If You Go to San Francisco … - Page 2
Boulet, for one, recognized that her road-running background was both an asset and a liability on the course, which mixes several flat, runnable sections with several thousand feet of vertical gain and loss. “I was very grateful to see some of the flat sections,” she says. “Going into this race I believed the elevation gain was playing to my strengths because I love running uphill, but my weaknesses are the downhills, which I haven’t learned how to run aggressively.”
She would utilize those climbs and flat sections to finish second among women in 7:31:12, 10 minutes behind Littleton, Colorado’s Michele Yates, who has won trail races at every distance from 10K to 100 miles. Vargo was third overall, in 6:33:33, behind Flagstaff, Arizona’s Rob Krar and former University of Colorado runner Cameron Clayton.
Michele Yates on her way to winning the women's race. Photo by Galen Burrell
“I’ve been trying to run the most competitive races, because that’s the only way you’re going to get faster,” says Vargo, who improved 14 places from his 2012 finish. “If you tackle these races where the next guy is an hour behind you, then what’s the point? You can’t possibly push yourself hard unless you have people around you pushing you harder.”
TNF San Francisco embodies the infusion of fast, road-and-track-type talent into ultrarunning. Besides Boulet, Krar was a middle-distance specialist in college who subsequently dominated at shorter trail events before recently making the foray into ultras, while Boulder’s Sage Canaday, who was widely expected to compete for the win but withdrew due to illness, is a 2:16 marathoner who has won a slew of 50K to 100K races this year. And they have to contend with seasoned mountain runners like Jones (who was also felled by the flu—he finished an admirable 98th in 9:40:14), 2011 winner Mike Wolfe, of Missoula, Montana, and two-time winner Miguel Heras of Spain. It has made the event an exciting one to predict, follow and dissect.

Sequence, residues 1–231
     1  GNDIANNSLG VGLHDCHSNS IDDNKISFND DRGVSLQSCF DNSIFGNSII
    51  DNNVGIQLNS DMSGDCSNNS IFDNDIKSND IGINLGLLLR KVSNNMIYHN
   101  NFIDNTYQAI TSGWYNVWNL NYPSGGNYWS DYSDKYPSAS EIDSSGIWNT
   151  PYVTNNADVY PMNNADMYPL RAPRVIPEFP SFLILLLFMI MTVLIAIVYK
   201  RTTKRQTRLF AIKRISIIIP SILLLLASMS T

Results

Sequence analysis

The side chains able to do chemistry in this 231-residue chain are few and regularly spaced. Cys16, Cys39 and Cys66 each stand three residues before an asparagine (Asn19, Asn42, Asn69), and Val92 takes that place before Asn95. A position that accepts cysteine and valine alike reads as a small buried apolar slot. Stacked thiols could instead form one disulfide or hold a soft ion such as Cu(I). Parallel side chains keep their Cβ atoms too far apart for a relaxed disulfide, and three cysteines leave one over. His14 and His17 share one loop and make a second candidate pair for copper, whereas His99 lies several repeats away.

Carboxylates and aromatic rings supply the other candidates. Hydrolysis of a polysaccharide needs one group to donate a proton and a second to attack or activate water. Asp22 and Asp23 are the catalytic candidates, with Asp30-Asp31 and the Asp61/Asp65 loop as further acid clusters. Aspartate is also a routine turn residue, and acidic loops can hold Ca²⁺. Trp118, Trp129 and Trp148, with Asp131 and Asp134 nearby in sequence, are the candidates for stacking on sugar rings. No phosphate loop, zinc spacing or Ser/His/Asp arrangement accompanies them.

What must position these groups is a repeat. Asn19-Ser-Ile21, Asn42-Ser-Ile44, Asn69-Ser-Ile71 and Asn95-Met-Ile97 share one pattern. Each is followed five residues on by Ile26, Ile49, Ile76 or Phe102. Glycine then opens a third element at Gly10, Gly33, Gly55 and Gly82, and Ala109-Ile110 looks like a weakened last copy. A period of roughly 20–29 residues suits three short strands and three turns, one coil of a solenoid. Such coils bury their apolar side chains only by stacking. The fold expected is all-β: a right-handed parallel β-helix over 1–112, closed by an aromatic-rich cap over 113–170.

Follow the Money
The race's sizeable prize purse and scenic setting combine to attract highly competitive fields.
Jones says that the prize money and the beauty of the course have “a snowballing effect and a positive feedback loop that helps the race grow and makes it exciting each year.”
Boulet says she expects participation in ultras (and trail races in general) to continue to increase in both quantity and quality as the sport grows more visible and race organization reflects increased demand—each trend, perhaps, fueling the other.
“I think [trail running] is becoming a lot more attractive because people are putting more resources into races, and bringing more prize money,” she says. “People realize it doesn’t matter whether you race on the roads or the track, because a lot of us spend a lot of time on the trail no matter what we’re training for. You’ve been putting in all this time and the transition is pretty easy.”
The strength of TNF’s race organization, according to Jones, is capitalizing on that diverse passion to create a world-class event.
“TNF doesn’t call itself the world championship—they just go out and make it a world championship,” he says. “They just get all the fastest runners to come out and compete for more money than anyone else in the sport.”